“What truly sets us apart is we are one of the few riding centers that provide groundwork activities for those with special needs like grooming, leading, and barn work,” said Curtis, who started the program after witnessing the benefits of horse riding for her own daughter, Madison, who has ADHD. “These activities allow the kids to truly connect with the animals.” 

The quiet, safe, and welcoming barn lured in Austin Ford, a 21-year-old on the autism spectrum, to swing by and volunteer most days after work, tending to the barn and animals. A calm, shy person, Ford would not make eye contact and rarely said more than a couple of one-word answers to others at the barn when he first discovered the facility. Now he is quick to strike up a chat and even coach other volunteers on the right way of barn work. Even horse Valentino, who can show a feisty streak, gravitates toward Ford, following him around the pasture and lowering his head for some love. 

“This place is a miracle,” said Ford’s mom, Susan Ford, who also serves on the board of Hooves with H.E.A.R.T. “Austin has grown and changed so much since he started here. Now he doesn’t stop talking.” 

When Austin Ford’s anxiety over a new job interview surged, the Hooves with H.E.A.R.T volunteers huddled around him at the barn and coached him on interview tips – what to say, what to wear. The news he got the job sparked cheers and hollers to ripple through the barn.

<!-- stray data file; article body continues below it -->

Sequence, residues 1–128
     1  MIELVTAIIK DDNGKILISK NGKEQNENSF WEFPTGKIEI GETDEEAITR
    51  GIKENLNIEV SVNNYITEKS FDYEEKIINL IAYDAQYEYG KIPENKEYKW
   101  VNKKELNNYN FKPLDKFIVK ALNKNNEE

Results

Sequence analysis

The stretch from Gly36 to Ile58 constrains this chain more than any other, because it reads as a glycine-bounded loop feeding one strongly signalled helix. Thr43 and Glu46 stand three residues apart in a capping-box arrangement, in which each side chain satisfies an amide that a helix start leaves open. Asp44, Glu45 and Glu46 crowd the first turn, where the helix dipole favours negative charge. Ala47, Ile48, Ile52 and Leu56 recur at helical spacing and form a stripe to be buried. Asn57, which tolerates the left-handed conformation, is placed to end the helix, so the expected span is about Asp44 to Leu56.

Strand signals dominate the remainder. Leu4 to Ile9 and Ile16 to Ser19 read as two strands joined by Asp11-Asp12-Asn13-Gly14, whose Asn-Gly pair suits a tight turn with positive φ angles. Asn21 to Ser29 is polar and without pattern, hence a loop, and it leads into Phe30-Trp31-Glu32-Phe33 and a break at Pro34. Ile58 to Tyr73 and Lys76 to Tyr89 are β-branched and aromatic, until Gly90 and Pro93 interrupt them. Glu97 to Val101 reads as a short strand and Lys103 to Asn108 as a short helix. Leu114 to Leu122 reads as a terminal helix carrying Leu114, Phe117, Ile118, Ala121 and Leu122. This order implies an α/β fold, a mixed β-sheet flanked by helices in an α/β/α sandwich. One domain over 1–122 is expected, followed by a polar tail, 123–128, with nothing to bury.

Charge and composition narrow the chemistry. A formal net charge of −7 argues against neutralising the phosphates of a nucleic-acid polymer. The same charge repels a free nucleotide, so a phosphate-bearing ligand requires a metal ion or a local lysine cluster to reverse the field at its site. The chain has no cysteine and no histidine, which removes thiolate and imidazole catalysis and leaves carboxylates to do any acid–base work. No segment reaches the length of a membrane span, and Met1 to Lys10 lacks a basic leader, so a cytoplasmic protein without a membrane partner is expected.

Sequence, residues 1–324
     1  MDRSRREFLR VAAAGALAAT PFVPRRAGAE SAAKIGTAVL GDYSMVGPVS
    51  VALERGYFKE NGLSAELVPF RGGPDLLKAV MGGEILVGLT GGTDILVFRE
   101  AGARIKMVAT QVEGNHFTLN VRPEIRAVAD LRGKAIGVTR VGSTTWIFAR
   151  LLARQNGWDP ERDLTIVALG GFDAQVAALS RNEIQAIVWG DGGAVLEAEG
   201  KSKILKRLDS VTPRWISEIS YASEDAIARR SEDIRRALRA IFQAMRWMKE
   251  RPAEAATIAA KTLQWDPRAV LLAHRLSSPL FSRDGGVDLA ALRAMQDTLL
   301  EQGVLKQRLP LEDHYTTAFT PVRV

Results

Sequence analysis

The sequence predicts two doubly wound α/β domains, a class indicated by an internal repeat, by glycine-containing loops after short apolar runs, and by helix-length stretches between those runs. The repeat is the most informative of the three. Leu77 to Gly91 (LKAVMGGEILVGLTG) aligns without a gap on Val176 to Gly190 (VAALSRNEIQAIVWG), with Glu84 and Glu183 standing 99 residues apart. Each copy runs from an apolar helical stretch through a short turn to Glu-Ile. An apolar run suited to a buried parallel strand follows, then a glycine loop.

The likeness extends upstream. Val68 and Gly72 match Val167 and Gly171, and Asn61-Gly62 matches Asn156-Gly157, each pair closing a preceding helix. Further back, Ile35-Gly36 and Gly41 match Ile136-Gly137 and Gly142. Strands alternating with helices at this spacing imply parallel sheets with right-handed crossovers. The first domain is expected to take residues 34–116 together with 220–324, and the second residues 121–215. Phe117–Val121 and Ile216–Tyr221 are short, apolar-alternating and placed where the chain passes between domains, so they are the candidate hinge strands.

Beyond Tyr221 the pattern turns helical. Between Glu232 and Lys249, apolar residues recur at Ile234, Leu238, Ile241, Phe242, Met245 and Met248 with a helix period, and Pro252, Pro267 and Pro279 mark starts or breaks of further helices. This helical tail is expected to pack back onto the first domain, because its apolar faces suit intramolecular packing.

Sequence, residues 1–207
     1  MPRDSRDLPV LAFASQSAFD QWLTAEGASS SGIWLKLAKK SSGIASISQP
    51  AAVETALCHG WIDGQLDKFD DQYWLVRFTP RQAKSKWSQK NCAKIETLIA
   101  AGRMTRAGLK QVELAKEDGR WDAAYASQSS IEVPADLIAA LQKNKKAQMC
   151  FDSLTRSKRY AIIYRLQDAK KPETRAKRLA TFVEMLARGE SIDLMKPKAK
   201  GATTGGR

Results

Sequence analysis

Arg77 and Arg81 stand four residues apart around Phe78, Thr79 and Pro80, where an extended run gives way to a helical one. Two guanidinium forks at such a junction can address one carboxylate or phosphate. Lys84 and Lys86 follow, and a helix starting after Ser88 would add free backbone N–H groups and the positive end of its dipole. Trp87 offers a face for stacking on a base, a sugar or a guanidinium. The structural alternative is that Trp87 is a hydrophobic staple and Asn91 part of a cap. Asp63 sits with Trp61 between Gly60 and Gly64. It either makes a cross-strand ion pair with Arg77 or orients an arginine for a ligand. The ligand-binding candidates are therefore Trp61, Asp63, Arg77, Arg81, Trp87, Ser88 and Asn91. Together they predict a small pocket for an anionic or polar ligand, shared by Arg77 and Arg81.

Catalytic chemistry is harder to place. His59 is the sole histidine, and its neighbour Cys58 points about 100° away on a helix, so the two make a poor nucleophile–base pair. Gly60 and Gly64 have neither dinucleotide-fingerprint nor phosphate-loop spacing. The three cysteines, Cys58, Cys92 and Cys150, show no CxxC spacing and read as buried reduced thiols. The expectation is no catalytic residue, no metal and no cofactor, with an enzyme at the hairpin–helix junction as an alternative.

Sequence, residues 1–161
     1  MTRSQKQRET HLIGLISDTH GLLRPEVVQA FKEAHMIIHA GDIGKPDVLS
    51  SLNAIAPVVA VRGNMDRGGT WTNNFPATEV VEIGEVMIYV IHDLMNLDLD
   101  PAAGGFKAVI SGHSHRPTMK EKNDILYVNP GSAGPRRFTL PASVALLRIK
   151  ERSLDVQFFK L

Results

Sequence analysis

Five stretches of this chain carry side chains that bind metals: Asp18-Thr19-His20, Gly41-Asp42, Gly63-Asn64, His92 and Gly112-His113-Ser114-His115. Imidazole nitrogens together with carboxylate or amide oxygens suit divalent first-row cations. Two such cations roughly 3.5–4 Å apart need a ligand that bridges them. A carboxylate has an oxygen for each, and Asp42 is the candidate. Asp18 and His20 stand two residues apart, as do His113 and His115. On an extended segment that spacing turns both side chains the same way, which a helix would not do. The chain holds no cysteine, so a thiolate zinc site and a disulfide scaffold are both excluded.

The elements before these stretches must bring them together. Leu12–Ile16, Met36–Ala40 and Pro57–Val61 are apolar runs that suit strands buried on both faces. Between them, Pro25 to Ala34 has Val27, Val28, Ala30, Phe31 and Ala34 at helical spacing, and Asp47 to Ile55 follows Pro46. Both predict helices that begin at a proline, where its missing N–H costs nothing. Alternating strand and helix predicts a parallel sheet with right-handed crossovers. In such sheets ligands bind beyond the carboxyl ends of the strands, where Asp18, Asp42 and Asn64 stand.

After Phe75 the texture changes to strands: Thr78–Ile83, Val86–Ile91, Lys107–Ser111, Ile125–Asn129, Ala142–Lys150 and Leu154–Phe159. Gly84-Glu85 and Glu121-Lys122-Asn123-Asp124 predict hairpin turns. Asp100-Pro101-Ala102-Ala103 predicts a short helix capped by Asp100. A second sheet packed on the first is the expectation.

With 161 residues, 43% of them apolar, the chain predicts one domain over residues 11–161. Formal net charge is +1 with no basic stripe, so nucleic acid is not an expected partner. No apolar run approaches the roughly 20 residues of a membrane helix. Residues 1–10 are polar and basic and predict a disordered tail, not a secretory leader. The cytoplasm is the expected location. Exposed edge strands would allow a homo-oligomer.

“These kids are all of our kids, and we love them like they are our own,” said Curtis, her eyes pooling with tears. “We truly care about them and celebrate their progress and success.” 

Exuding kindness and a problem-solving, positive look at life, Curtis talks with an exciting speed, gushing over the kids and dedicated volunteers who help keep the gears of Hooves with H.E.A.R.T churning. She stresses every volunteer involved also juggles a full-time career. 

“These kids matter so much to us,” said Curtis, who shared goals of growing a carrot garden for the horses and building a covered arena for the riders. “At the end of my workday, coming here is such a relief. Our volunteer program offers high school kids community service hours and even younger kids the chance to contribute to their community. We even have a grandmother who helps us garden and pulls weeds while her grandson rides. The support has been amazing.” 

Crossing the pasture to peek in on the horses, volunteer riding coach Susannah Cripe offers the program more than 30 years of non-profit work with children and adults. Her sense of humor, generous smiles, and laid-back nature allow her to bridge deep connections with the kids.